And this accounts for what may be called the greater literary sequence of these tales over those to be found in many similar collections. They have been selected carefully with the object of securing a good story in what appears to be its best form; but they have not been doctored in any way, not even in the language. That is neither a transliteration—which would have needed a whole dictionary to be intelligible—nor a version orientalised to suit English tastes. It is an attempt to translate one colloquialism by another, and thus to preserve the aroma of rough ready wit existing side by side with that perfume of pure poesy which every now and again contrasts so strangely with the other. Nothing would have been easier than to alter the style; but to do so would, in the collector’s opinion, have robbed the stories of all human value.
That such has been the deliberate choice may be seen at a glance through the only story which has a different origin. The Adventures of Raja Ras â lu was translated from the rough manuscript of a village accountant; and, being current in a more or less classical form, it approaches more nearly to the conventional standards of an Indian tale.
The work has been apportioned between the authors in this way. Mrs. F. A. Steel is responsible for the text, and Major R. C. Temple for the annotations.
It is therefore hoped that the form of the book may fulfil the double intention with which it was written; namely, that the text should interest children, and at the same time the notes should render it valuable to those who study Folklore on its scientific side.
F. A. Steel R. C. Temple
 
T O THE L ITTLE R EADER
W ould you like to know how these stories are told? Come with me, and you shall see. There! take my hand and do not be afraid, for Prince Hassan’s carpet is beneath your feet. So now!—‘Hey presto! Abracadabra!’ Here we are in a Punjabi village.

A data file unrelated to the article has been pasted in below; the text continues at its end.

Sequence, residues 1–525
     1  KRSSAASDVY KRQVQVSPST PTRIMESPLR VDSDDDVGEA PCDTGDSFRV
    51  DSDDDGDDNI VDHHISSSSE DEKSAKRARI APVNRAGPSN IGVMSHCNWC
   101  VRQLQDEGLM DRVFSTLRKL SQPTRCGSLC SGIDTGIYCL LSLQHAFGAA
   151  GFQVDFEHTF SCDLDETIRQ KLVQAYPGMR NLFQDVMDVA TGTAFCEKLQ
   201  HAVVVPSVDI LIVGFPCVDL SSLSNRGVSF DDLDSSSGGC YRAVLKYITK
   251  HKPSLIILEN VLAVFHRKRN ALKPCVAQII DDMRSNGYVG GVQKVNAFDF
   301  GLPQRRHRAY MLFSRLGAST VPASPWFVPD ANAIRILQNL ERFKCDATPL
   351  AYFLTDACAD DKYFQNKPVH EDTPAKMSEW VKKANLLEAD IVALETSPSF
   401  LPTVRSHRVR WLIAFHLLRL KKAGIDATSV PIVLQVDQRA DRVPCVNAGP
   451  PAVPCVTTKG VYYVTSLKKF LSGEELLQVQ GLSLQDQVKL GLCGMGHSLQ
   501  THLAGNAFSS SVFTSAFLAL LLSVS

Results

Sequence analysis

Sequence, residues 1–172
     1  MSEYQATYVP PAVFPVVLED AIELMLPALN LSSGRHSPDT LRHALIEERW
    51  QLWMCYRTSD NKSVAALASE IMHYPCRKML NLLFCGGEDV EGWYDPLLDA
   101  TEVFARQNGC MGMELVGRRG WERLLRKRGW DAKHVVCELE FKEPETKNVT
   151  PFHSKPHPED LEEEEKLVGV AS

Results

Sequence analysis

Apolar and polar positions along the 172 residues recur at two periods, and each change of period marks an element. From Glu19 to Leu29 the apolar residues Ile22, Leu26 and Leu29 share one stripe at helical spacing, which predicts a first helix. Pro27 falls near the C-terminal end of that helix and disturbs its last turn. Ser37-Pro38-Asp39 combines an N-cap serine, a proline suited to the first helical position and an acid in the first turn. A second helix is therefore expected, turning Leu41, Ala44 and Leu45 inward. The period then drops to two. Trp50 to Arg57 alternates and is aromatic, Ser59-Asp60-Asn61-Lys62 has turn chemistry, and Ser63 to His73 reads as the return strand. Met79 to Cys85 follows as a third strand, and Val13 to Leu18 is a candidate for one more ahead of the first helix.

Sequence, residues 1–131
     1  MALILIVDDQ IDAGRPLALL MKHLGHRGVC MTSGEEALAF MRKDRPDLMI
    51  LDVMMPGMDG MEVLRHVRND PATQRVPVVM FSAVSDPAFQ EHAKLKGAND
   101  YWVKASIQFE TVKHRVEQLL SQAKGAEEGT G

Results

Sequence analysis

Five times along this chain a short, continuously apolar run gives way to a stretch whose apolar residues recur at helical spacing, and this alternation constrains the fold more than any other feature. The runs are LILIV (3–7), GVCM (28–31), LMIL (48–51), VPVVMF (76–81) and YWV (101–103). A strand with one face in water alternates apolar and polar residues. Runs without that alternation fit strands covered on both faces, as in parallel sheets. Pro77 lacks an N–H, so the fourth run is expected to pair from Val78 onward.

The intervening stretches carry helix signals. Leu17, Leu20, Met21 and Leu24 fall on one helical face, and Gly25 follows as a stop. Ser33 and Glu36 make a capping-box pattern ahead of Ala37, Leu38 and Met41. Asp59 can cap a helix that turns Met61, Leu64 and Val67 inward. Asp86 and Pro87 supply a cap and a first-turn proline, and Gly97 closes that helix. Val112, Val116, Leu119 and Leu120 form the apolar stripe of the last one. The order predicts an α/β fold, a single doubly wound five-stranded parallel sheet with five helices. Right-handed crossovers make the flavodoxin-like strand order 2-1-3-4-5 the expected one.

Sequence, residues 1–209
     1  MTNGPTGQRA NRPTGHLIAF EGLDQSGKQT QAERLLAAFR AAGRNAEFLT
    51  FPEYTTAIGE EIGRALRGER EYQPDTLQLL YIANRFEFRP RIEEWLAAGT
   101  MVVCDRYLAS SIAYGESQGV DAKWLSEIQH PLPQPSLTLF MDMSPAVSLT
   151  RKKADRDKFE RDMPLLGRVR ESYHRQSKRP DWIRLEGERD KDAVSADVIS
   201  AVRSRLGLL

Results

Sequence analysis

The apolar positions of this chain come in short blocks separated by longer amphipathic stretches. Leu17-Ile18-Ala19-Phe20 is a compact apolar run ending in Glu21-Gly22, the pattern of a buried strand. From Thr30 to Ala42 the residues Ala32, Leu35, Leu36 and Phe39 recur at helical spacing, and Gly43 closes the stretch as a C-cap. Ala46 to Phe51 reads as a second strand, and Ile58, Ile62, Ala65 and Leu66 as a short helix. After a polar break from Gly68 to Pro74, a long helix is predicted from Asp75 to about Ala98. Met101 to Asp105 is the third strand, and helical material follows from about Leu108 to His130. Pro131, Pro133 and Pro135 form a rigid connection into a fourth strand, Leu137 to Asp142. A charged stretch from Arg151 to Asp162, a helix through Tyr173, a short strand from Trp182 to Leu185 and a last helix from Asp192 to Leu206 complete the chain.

I T IS SUNSET. O VER THE limitless plain, vast and unbroken as the heaven above, the hot cloudless sky cools slowly into shadow. The men leave their labour amid the fields, which, like an oasis in the desert, surround the mud-built village, and, plough on shoulder, drive their bullocks homewards. The women set aside their spinning-wheels, and prepare the simple evening meal. The little girls troop, basket on head, from the outskirts of the village, where all day long they have been at work, kneading, drying, and stacking the fuel-cakes so necessary in that woodless country. The boys, half hidden in clouds of dust, drive the herds of gaunt cattle and ponderous buffaloes to the thorn-hedged yards. The day is over, the day which has been so hard and toilful even for the children,—and with the night comes rest and play. The village, so deserted before, is alive with voices; the elders cluster round the courtyard doors, the little ones whoop through the narrow alleys. But as the short-lived Indian twilight dies into darkness, the voices one by one are hushed, and as the stars come out the children disappear. But not to sleep: it is too hot, for the sun which has beaten so fiercely all day on the mud walls, and floors, and roofs, has left a legacy of warmth behind it, and not till midnight will the cool breeze spring up, bringing with it refreshment and repose. How then are the long dark hours to be passed? In all the village not a lamp or candle is to be found; the only light—and that too used but sparingly and of necessity—being the dim smoky flame of an oil-fed wick. Yet, in spite of this, the hours, though dark, are not dreary, for this, in an Indian village, is story-telling time ; not only from choice, but from obedience to the well-known precept which forbids such idle amusement between sunrise and sunset. Ask little Kaniy â , yonder, why it is that he, the best story-teller in the village, never opens his lips till after sunset, and he will grin from ear to ear, and with a flash of dark eyes and white teeth, answer that travellers lose their way when idle boys and girls tell tales by daylight. And Naraini, the herd-girl, will hang her head and cover her dusky face with her rag of a veil, if you put the question to her; or little R â m Jas shake his bald shaven